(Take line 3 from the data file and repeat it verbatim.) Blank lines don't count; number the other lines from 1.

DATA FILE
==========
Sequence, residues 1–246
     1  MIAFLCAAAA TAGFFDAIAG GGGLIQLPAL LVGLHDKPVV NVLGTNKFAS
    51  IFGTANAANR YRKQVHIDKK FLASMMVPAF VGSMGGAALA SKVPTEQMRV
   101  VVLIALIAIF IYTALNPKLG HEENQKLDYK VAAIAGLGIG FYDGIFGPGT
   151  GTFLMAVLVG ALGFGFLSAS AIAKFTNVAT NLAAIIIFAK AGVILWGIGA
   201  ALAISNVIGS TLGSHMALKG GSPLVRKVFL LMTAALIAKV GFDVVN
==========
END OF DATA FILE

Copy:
    51  IFGTANAANR YRKQVHIDKK FLASMMVPAF VGSMGGAALA SKVPTEQMRV